pwa wrote:All this talk about keeping HGVs and cyclists apart is only relevant in big towns and cities and on major arterial roads. It isn't relevant to me in my village or in the small towns nearby. The cycle network and the network for HGVs is and will remain the same, except for a few urban roads that have been made into cul-de-sacs for motor traffic.
...

This is not to deny the real dangers that exist on city streets when HGVs and cyclists share spaces, but that isn't the cycling that I do. I'll leave the city street situation for others to talk about.

It's only relevant in big towns and cities, eacept for children, elderly, disabled, or those don't want to share with lorries.

The separation of HGVs and cyclists isn't practical everywhere, but the interactions between them should be minimised.

They may not bother everyone, but they are off putting to many potential cyclists, and their parents.

I'm not sure I'd want Mini V (12 years old) riding her bike to school unaccompanied if she had to share with frequent or fast (more than 40 mph?) lorry traffic.

As it is, she has a route to school that is about half on quiet roads, and half on fully segregated facilities. Delivery vehicles are allowed on one of the quiet roads, and dust bin cart on all of them, but they are 30 kph roads with lots of pedestrians and cyclists. The drivers of motor vehicles are slow and careful.

I've got (now grown up) kids myself so I do know what you mean about wanting a safe environment for them to start their independent cycling on.

But when they grow up, and get into their twenties, you want your kids to enjoy a wider network of cycling opportunities and, certainly where I live, that does mean sharing roads with traffic. If we quadrupled the "network" of traffic free routes it would still be a truncated version of the road network that we currently have access to. For city livers yes, of course it is often a very good thing. And alongside busy trunk roads. But a lot of our countryside network will remain on country roads and lanes, and that is where a lot of the best cycling is.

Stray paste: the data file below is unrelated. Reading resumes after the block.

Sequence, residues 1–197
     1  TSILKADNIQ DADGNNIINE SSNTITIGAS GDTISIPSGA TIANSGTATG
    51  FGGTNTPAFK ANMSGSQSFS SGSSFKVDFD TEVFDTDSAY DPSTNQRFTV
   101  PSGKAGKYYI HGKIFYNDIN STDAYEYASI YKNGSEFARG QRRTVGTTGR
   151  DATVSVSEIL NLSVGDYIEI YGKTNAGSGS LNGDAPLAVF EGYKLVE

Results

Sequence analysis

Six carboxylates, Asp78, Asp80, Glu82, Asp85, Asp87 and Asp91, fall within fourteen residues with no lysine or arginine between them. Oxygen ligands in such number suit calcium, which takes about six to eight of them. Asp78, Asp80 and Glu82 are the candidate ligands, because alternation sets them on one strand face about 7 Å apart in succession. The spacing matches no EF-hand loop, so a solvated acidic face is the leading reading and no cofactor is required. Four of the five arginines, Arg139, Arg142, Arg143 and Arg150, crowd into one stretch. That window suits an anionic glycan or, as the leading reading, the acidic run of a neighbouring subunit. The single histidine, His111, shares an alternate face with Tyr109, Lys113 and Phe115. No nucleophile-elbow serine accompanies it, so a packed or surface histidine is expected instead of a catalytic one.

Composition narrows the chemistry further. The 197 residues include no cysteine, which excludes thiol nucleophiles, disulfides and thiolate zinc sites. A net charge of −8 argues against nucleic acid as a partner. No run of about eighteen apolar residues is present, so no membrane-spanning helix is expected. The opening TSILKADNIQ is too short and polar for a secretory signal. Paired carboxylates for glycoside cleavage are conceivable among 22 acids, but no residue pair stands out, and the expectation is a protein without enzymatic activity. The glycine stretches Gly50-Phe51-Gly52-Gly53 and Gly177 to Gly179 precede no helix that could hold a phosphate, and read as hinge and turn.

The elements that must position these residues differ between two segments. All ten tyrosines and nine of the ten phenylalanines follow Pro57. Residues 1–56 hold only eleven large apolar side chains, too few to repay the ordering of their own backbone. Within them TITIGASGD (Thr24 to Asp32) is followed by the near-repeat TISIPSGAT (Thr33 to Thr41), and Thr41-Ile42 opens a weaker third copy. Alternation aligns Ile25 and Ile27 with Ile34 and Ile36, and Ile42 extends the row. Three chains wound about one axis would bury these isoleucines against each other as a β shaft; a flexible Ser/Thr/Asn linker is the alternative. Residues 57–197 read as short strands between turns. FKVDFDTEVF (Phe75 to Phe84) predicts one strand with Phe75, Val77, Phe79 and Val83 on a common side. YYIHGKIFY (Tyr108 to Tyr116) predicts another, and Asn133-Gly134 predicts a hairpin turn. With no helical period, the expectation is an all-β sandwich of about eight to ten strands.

So I want my kids to be as safe as they can be on roads with traffic.

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pjclinch
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Re: Trucks Do Not Have Cyclist-Obscuring Blind Spots

Postby pjclinch » 12 Jan 2019, 1:11pm

"Only relevant in big towns and cities" translates as "only relevant to where most people live".

For example, the population of Greater London comfortably exceeds the entire population of Scotland, so it does make a lot of sense to concentrate on urban areas for specialised cycling provision. There are more bikes, more journeys where bikes are apposite and more motor traffic. Same goes for alternatives to supermarket delivery vans.

For rural stuff, there's no shortage of places where the trunk road is the road. Often quite busy and bendy enough that overtaking is an issue, these are no fun to ride on. While the national Doom/Distance ratio is a bit over 20 per billion km on average this varies by road type, and you're up to 170 for rural A roads. This is really not good, and putting a dedicated cycle track by these roads is good for just about everyone.

I'll meet the odd HGV on back roads around here, and it's not really an issue because it's the odd one. There's a big difference in terms of both safety and pleasantness between meeting the odd one and having a pretty steady procession.

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ThePinkOne
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Re: Trucks Do Not Have Cyclist-Obscuring Blind Spots

Postby ThePinkOne » 12 Jan 2019, 4:00pm